The Biowars Guide: How to Publish Your Own Comic Book
Over the past several months, Biowars has explored a whole range of topics on how to make your own comic book. Whether you’ve needed advice on building a cast of characters, developing a storyline or the fundamentals of drawing, we’ve done our best to give you a head start on the entire comic book creative process.
But once you’ve finished writing and drawing your comic book, what comes next? Well, if you’re serious about getting your comic book in front of as many fans as possible, having your comic published – either online or in print – will fulfill your dream of being a bona fide comic book creator.
But what does publishing a comic book in the Modern Age of Comics really involve, when you get down to the nuts and bolts of things? Here’s your chance to find out!
Online publishing is highly effective at reaching a large audience fairly quickly, but it sometimes depends on how much time you’re willing to put towards marketing your comic book through social media and elsewhere. On the flipside, however, there’s a chance your comic might become popular enough (or viral, if you’re really lucky), and bring in free advertising from your own fans, who will share your comic with friends and other enthusiasts.
The Costs of Going Digital
When compared to print publishing, digital comic books are a much more economical choice for someone just starting out in the industry. If you’re just starting out as a comic book creator, this is likely the best way to go, because you can get your work published on a fairly small budget, and it also gives you a platform for developing a portfolio for future opportunities.
Right now there are numerous sites, such as Comixology, that allow you to submit your comic online so you can begin selling it to interested readers. Yet, while it’s a free service, you will need to get your comic book approved before it’s added to their roster, and they will also take an equal portion of the your comic’s online sales.
Another option at your disposal is publishing your digital comic book on your own website. This is how Biowars was put together, and it’s been a very successful outlet for our one-of-a-kind digital comic, which has grown into other areas that include games, online polls and fan-generated memes.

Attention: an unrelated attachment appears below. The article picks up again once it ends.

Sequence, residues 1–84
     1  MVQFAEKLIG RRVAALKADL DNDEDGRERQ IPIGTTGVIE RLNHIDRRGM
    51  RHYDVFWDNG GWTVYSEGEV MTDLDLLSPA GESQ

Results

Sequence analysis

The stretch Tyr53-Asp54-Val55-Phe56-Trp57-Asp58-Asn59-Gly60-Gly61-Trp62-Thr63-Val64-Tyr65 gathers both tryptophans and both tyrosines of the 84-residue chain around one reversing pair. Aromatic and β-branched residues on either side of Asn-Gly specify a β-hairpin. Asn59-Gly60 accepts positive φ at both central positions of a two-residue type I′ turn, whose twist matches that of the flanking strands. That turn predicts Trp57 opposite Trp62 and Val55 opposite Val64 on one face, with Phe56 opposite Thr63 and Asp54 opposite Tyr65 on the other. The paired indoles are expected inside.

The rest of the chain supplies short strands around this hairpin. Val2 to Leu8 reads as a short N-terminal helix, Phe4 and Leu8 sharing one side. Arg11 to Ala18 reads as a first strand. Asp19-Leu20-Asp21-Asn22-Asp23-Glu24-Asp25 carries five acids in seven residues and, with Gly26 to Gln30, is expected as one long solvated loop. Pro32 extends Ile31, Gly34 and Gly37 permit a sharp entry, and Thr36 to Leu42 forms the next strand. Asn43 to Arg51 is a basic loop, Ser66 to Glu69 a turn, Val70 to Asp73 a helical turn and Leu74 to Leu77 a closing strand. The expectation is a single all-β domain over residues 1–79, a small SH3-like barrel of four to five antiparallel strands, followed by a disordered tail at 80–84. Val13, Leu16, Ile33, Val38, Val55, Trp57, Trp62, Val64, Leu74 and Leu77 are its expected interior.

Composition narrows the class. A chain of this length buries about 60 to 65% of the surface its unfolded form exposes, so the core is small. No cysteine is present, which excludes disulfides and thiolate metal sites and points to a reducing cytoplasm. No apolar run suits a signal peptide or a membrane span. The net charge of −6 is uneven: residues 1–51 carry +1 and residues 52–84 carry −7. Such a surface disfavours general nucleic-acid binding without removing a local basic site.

The only problems you could run into when you’re publishing a comic on your own website is making sure you either know web development yourself, or you choose an established blog or website publisher with easy-to-use templates that will do the work for you.
On the other side of comic book publishing is the print world, and as anyone who enjoys the nostalgia and feel of a comic in their hands knows, it’s not a bad place to start if you’re working with the right publisher. And though your audience may be a bit smaller when you consider it’s only as big as the number of comics you’ve had printed, having physical copies to pass out to friends, sell at local comic book stores and send out as press packets to media outlets is great for getting established.
The Costs of Print Publishing
It may be cheaper to publish your comic book online, but it can be a lot more profitable to have your comic book printed, particularly if you’re able to keep your costs down by doing a somewhat sizable printing run. One important thing to remember, however, is to make sure your comic book is at its absolute best if you’re going to go with print publishing, because once it leaves the press, editing dialogue or imagery won’t be a possibility – like it is online.
What’s also great about print publishing is the number of options you have available, all of which have their own associated fee structures for knocking out physical copies.
- Printing on Demand (PoD): If you only want a handful of copies, printing your comic book on demand allows you to do so on a small scale, and then come back later for more copies as needed. It can be somewhat expensive to do it this way, since it’s all done digitally, but it could give you a chance to test the market for your creation.
- Digital Printing: Similar to printing on demand, digital printing allows you to produce a smaller number of issues, but usually involves producing between 100 and 1000 copies.
- Offset Printing: This is where you’ll want to start if you’re really confident in your comic book, or you’ve already had a great deal of interest from both individual and commercial purchasers/sellers. This type of printing is more cost-effective in the long run, because you’ll likely be printing in excess of 1000 copies, which lowers the cost per comic book, but you’ll also be committing to a pretty substantial stack of printed comics. But if your comic book takes off, it will pay off – and the more you print, the lower your cost per comic.
If you’re interested in finding out who can publish your comic book in print, you can talk with local book publishers, printing companies or check out websites such as Ka-Blam, Jakprints and Comix Well Spring. And good luck on your comic book publishing journey!